I could not help, while reading 1984, comparing this George Orwell classic to another dystopian novel: Ayn Rand’s Atlas Shrugged. Both cover a similar, overarching theme of how the collective, gone bad, infringes on the freedoms of the individual. While Orwell focuses on the incredible evils that can result from a totalitarian state, Rand focuses on the virtues of individualism.
There are many differences between the two novels, but one that I noticed, quite clearly, is how Rand’s work – filled with idealism and optimism – differs to Orwell’s, which is deeply cynical. In Rand’s world, good – individual liberty and freedom – can only win, and does win eventually; in Orwell’s, evil – resulting from the abuse of power – can win, and win absolutely.
This got me thinking about how our culture tends to believe the idea that good is somehow much stronger than evil, and despite what humans do, good – the ultimate source of which lies somewhere outside of us – will somehow win in the end. This belief is entrenched in the media, religion and literature: think of the all to common narrative where the hero – even after much suffering and sacrifice – wins eventually, and evil is always defeated. The belief that there is something intrinsic in good that makes it more powerful than evil is widespread. But is it really true?
1984 seems to crush this ‘just world’ bias. Orwell’s protagonist, Winston Smith, is not the strong-willed, confident hero that we see in Rand’s story, but a middle aged, unattractive, nervous guy with a varicose ulcer on one ankle, who rebels against the totalitarian state of Oceania. In Atlas Shrugged, Rand’s heroes, with god-like qualities, eventually come away unscathed as they tussle with the powers that be; in 1984, Smith is tortured, beaten, starved, and finally broken down completely by those in power.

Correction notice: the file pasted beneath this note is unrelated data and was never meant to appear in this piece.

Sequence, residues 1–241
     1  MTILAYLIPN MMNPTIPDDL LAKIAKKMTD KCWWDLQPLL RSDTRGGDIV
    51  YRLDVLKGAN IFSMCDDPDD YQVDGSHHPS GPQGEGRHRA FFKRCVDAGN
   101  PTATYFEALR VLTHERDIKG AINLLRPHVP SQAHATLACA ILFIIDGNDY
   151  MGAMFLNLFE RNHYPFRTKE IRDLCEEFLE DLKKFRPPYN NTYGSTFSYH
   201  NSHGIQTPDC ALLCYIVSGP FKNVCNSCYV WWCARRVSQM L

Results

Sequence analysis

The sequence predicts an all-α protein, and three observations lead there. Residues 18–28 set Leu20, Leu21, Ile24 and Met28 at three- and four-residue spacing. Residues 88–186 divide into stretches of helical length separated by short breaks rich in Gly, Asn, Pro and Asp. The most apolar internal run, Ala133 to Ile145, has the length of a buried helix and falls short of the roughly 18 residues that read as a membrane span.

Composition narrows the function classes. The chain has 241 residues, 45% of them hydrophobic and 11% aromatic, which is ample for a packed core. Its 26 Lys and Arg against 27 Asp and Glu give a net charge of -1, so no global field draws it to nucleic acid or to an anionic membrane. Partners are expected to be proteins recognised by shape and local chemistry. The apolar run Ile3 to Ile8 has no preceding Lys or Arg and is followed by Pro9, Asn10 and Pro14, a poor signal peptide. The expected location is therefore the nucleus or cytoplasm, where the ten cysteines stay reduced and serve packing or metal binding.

I wonder if there is a possible danger in believing that good will always win, as it might encourage complacency when we observe abuses of power. Instead of taking action, a few individuals might sit back, not believing that the horrors described in 1984 can actually happen. “Evil will never fully take over our country and lives”, they might think “because good will always prevail.” And some might also add: “because God is in control.”
But one can argue that there is no god, or any other entity out there, who will ensure that good will prosper; it is totally up to us, and us alone. What freed the Jews from the concentration camps, or disbanded apartheid? Was it not human intervention – through the bearing of arms or through negotiation – that halted these acts of violence and suffering? In other words, Orwell’s message is that those with the most power will determine if good or evil prospers, and this places the responsibility on each one of us, in democratic societies at least, to hold those in authority accountable for the way they wield their power.